MoMA’s exhibition Small Scale, Big Change exposes the fallacy of opposing architecture’s autonomy to its social engagement.
Over the past twelve years, our office has been working with non-governmental organizations (NGOs) in rural Lebanon, designing projects related to social and economic development. After the 1975-1990 wars, many relief-based NGOs have shifted their attention to development. Their numbers, areas of activity, budgets, and impact have increased exponentially as they have moved to partner with international NGOs, the private sector, government agencies, and one another. The growing power of NGOs relative to the state and civil society has been a source of heated debate around the world. They have also become significant clients for architects.
While difficult to generalize, NGO-commissioned projects differ from those of conventional clients in that:
– We, as architects, are brought into the project ahead of final decisions about site, program, and budget. As such, we help in determining these factors and in removing significant constraints ahead of design.
– Design becomes an instrument of fund-raising.
– Program, budget, and design tend to constantly change based primarily on targeted donors.
– Design and construction schedules are negatively affected by fund-raising and donation schedules.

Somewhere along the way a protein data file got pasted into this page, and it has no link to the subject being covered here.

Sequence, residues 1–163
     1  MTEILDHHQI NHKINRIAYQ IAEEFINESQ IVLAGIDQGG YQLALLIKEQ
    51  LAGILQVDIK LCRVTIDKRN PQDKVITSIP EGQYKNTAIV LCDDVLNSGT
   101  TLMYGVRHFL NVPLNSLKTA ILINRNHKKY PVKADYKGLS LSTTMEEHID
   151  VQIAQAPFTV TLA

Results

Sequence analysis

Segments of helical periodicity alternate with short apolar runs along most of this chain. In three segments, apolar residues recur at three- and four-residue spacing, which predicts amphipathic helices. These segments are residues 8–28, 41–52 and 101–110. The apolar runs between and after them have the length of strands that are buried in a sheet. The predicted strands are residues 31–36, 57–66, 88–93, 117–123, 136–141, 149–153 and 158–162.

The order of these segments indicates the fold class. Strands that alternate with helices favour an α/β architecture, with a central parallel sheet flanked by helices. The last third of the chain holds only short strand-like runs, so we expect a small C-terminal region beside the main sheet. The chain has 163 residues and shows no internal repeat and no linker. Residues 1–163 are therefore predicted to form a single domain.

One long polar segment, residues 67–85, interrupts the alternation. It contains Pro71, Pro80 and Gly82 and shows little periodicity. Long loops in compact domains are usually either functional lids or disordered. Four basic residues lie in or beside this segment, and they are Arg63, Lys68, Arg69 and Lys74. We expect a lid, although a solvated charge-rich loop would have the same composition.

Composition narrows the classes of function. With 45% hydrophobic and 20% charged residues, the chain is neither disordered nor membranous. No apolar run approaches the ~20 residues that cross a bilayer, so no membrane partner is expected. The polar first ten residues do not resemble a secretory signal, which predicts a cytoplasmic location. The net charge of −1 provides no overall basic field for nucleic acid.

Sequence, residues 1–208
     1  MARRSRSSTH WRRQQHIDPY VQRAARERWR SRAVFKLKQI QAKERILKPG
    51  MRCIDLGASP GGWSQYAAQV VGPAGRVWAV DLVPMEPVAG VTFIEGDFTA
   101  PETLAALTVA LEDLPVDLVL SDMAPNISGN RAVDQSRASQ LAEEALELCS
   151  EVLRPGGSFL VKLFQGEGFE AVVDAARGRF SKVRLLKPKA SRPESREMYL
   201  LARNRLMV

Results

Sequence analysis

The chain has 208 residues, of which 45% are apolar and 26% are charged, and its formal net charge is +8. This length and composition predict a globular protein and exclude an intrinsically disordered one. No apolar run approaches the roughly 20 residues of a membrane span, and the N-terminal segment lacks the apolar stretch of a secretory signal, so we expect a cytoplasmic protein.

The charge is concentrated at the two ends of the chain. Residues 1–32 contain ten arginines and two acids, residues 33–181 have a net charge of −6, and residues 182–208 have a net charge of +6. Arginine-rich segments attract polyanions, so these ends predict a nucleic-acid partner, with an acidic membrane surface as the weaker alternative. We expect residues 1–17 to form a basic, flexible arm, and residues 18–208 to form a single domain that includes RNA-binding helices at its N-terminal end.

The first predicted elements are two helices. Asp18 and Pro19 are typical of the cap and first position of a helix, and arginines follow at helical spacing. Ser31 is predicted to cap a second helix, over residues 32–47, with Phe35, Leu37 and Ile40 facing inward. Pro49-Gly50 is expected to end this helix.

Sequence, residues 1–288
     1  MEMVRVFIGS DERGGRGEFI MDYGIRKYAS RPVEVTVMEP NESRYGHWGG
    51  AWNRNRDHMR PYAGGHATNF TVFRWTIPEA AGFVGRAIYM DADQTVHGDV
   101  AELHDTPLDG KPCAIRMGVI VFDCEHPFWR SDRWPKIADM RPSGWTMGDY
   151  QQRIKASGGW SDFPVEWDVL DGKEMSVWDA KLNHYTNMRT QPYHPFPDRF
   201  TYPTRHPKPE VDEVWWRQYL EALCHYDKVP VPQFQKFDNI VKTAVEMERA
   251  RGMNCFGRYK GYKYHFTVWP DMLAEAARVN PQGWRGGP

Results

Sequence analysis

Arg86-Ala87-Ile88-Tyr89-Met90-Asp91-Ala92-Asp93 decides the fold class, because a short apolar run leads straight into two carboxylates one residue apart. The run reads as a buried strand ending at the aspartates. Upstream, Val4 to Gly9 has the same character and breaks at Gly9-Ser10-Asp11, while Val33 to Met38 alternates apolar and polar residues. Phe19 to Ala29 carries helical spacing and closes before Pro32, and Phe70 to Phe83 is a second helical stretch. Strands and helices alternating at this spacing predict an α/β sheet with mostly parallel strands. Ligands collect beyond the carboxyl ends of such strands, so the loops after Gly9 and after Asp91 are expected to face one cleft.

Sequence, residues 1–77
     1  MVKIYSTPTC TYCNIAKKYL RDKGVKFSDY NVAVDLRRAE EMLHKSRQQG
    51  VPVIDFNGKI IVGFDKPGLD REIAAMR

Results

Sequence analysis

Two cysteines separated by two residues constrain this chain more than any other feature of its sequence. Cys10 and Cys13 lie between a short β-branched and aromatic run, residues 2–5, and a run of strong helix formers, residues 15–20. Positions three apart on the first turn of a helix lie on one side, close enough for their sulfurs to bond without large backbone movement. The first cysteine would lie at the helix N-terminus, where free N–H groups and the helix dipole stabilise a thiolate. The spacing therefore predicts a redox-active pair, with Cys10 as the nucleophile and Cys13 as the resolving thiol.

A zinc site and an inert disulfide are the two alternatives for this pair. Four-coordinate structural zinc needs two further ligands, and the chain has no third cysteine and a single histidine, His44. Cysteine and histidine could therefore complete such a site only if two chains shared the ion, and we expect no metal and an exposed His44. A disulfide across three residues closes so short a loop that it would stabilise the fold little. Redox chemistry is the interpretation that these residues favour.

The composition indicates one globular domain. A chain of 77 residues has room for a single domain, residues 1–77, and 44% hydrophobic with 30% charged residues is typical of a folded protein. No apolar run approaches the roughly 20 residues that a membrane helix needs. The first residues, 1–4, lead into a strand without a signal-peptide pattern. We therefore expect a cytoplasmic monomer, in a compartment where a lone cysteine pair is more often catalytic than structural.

– When communities are involved (and it is not always the case that they are), their members tend to defer to us as “experts” more than regular clients do.
– It is generally accepted that the uniqueness of the social situations addressed by NGOs warrants unique social solutions and therefore unique design solutions. However, international partners tend to be more comfortable with replicated solutions and with stereotypes of “local architecture.”
– In general, however, NGOs want their projects to transcend immediate context. They want to stand out and to strategically displace accepted social and architectural norms.
– The degree to which architects can play a role in this effort depends on the degree of their “aesthetic autonomy”—their ability to operate outside of the constraints of context and inherited forms and to provide original expression to emerging audiences.
In this strategic autonomy lies the key to effective social engagement.